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Thursday, August 31, 2017

The People Spoke

By Nora Tjossem

Sitting in the red plushness of the BAM Howard Gilman Opera House, facing the proscenium arch, the weight of tradition climbs into your lap and takes its seat. But on Tuesday night, March 24, it was not the legacy of Pina Bausch or Robert Wilson that sat with us. It was the history—fraught, inflammable, and frighteningly present—of the United States of America.

The People Speak uses the work of historian Howard Zinn to bring life to the revolutionaries that have ignited social justice movements in the United States. “I start from the supposition that the world is topsy-turvy,” Zinn once proclaimed. Directed by longtime Zinn collaborator Anthony Arnove and performed by a lineup of actors, musicians, poets, and writers, the words of some of the most radical and transformative voices in this country’s history are unearthed from the oppressive, topsy-turvy status quo and given a stage worthy of their present import.

“We need the storm, the whirlwind, and the earthquake,” Brian Jones intoned, “The feeling of the nation must be quickened; the conscience of the nation must be roused.” Those galvanizing words of Frederick Douglass, no less trenchant now than on the Fourth of July, 1852, set the tone for an evening of revolutionary history brought to life. Douglass gave way to John Brown (spoken by David Strathairn) mingling his blood with those in chains, who then gave way to Susan B. Anthony (Maggie Gyllenhaall) taking on a judge in court (Peter Sarsgaard) for voting.

For our era of overwhelming, rapid-fire content, The People Speak provides a reprieve—not from the issues at hand, but from the panicked intuition that we are the first tasked with solving them. The event is not an opportunity for experts onstage to tell us what to do; they are there to fill the air with revolutionary voices from generations recent and long past.

As Frances McDormand took the microphone, she looked to her left at Arnove, who emceed the evening’s readings. Off script and in devastating rhetorical, she asked of the upcoming selection, “When was that Anthony?” He replied, “1890.” With a level 90 degree turn of the head back to the audience she delivered the words of Mary Elizabeth Lease to us here, in 2017: “Wall Street owns the country. It is no longer a government of the people, by the people, and for the people, but a government of Wall Street, by Wall Street, and for Wall Street.” The words cut through time, space, and lifespans to land with their full weight on the ears of the packed opera house audience.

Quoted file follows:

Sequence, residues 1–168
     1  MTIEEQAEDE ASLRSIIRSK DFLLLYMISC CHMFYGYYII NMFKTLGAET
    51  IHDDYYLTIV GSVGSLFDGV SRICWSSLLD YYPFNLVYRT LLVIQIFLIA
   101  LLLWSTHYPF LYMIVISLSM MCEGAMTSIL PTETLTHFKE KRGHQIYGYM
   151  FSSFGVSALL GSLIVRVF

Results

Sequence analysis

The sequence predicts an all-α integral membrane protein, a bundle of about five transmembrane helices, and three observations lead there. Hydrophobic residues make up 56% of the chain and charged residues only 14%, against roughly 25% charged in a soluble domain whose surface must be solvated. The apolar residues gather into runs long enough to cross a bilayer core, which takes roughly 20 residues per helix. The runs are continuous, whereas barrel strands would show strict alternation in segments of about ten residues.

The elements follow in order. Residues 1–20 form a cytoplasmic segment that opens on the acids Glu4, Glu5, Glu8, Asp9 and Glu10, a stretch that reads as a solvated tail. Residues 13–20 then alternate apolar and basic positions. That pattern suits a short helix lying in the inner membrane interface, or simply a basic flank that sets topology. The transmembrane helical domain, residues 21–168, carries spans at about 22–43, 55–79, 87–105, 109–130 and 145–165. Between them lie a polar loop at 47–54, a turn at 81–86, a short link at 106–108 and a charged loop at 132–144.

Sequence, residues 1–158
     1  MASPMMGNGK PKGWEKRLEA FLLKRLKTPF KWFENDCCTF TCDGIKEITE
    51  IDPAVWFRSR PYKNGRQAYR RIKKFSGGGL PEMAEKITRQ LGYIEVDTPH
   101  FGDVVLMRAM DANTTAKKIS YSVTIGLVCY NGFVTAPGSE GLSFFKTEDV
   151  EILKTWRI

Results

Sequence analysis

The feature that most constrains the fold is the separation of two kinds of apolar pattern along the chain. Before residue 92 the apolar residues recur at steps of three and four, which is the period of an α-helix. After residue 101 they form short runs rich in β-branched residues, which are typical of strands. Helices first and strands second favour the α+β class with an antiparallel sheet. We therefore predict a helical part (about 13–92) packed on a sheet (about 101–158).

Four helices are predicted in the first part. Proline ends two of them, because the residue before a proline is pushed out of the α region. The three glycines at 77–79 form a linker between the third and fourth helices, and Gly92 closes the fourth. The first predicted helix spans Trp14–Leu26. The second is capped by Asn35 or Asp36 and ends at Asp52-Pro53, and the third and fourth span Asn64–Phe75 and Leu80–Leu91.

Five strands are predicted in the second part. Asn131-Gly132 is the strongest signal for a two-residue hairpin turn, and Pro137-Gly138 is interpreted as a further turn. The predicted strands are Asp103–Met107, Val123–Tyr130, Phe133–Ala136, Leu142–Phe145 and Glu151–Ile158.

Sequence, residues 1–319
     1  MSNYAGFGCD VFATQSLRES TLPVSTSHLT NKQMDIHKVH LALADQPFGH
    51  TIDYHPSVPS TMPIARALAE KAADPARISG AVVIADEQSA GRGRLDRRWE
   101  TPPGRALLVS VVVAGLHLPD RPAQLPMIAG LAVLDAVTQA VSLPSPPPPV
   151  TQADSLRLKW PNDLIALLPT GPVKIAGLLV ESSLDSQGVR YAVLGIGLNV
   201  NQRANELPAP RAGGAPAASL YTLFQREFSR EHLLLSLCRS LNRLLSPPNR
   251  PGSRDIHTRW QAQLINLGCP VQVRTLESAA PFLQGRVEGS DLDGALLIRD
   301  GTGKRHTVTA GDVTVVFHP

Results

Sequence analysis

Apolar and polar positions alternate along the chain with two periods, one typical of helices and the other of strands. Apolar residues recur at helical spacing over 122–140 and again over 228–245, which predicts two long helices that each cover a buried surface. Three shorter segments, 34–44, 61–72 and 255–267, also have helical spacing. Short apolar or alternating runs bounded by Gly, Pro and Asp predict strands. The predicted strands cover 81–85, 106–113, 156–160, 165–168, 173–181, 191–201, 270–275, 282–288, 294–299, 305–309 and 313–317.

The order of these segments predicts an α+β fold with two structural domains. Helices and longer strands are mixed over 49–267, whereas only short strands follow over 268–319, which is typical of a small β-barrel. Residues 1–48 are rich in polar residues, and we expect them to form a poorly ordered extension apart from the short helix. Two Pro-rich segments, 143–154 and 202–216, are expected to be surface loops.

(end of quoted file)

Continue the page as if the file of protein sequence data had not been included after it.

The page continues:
The evening continued with speeches, letters, poems, and musical acts including a gorgeous “What’s Going On” from Martha Redbone channeling Marvin Gaye, and spirited punk rock renditions of Langston Hughes and Allen Ginsberg from Stew, Heidi & The Von Trapped. Staceyann Chin brought down the house with Angela Davis’ rallying cry from the recent January 21st Women’s March on Washington. Aasif Mandvi brought laughs with a sly reference to the Park Slope Food Co-op, care of Moustafa Bayoumi’s 2010 “My Arab Problem.” The energy of the room was subdued to contemplative silence with Marisa Tomei’s reading of Chelsea Manning’s statement on sentencing, which quoted Zinn: “There is not a flag large enough to cover the shame of killing innocent people.”

The People Speak at BAM demonstrated a gathering, not in the spirit of self-congratulatory wokeness, but in the spirit, very much alive, of those revolutionaries responsible for preserving precisely the rights we presently feel under attack. For 90 minutes, the opera house held a conference of voices that had never spoke to one another before, had not had the opportunity to mingle causes and recognize the decades that would calcify between them. America, as Zinn’s A People’s History of the United States makes abundantly clear, was never great. America has always been and continues to be a work in progress, and our America (for yes, he insists, it is yours) is no exception.

As the crowd swarmed the steps of the opera house, flyers exchanged hands, people grabbed bikes, hailed cabs, and headed to the subway. In the dark, pedaling to the rhythm of Talib Kweli’s wireless, a capella rendition of Public Enemy (“fight the power... FIGHT the power”), I imagined hundreds of other bodies, still clutching programs, rocking on subway cars to Helen Keller’s socialist mantra that “it is your business,” or treading sidewalks to the memory of a land taken by force and paved for the powerful. Fight the power, we echoed. Fight the power.

Relive more moments from The People Speak on

Nora Tjossem is the Education Coordinator at BAM.

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